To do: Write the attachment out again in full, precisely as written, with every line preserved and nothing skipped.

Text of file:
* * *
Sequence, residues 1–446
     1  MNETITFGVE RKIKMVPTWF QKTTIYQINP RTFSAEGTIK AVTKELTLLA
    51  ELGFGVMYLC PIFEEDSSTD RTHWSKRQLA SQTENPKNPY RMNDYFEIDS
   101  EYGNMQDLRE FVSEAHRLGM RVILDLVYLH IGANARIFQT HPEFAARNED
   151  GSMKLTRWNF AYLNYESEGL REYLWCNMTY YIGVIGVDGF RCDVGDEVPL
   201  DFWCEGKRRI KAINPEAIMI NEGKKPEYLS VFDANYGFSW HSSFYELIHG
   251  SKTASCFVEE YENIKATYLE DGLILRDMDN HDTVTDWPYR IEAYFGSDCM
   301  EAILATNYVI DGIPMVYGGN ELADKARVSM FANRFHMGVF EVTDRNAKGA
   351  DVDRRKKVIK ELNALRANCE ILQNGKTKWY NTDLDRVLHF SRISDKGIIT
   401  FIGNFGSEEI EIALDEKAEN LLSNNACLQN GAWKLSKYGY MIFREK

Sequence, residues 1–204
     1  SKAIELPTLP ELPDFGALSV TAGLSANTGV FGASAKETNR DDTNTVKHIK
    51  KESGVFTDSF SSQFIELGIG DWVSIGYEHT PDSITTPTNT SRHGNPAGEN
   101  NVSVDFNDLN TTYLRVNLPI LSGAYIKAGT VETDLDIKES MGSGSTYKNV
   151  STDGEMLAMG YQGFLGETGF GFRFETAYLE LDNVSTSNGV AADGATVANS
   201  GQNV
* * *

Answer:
Sequence, residues 1–446
     1  MNETITFGVE RKIKMVPTWF QKTTIYQINP RTFSAEGTIK AVTKELTLLA
    51  ELGFGVMYLC PIFEEDSSTD RTHWSKRQLA SQTENPKNPY RMNDYFEIDS
   101  EYGNMQDLRE FVSEAHRLGM RVILDLVYLH IGANARIFQT HPEFAARNED
   151  GSMKLTRWNF AYLNYESEGL REYLWCNMTY YIGVIGVDGF RCDVGDEVPL
   201  DFWCEGKRRI KAINPEAIMI NEGKKPEYLS VFDANYGFSW HSSFYELIHG
   251  SKTASCFVEE YENIKATYLE DGLILRDMDN HDTVTDWPYR IEAYFGSDCM
   301  EAILATNYVI DGIPMVYGGN ELADKARVSM FANRFHMGVF EVTDRNAKGA
   351  DVDRRKKVIK ELNALRANCE ILQNGKTKWY NTDLDRVLHF SRISDKGIIT
   401  FIGNFGSEEI EIALDEKAEN LLSNNACLQN GAWKLSKYGY MIFREK

Sequence, residues 1–204
     1  SKAIELPTLP ELPDFGALSV TAGLSANTGV FGASAKETNR DDTNTVKHIK
    51  KESGVFTDSF SSQFIELGIG DWVSIGYEHT PDSITTPTNT SRHGNPAGEN
   101  NVSVDFNDLN TTYLRVNLPI LSGAYIKAGT VETDLDIKES MGSGSTYKNV
   151  STDGEMLAMG YQGFLGETGF GFRFETAYLE LDNVSTSNGV AADGATVANS
   201  GQNV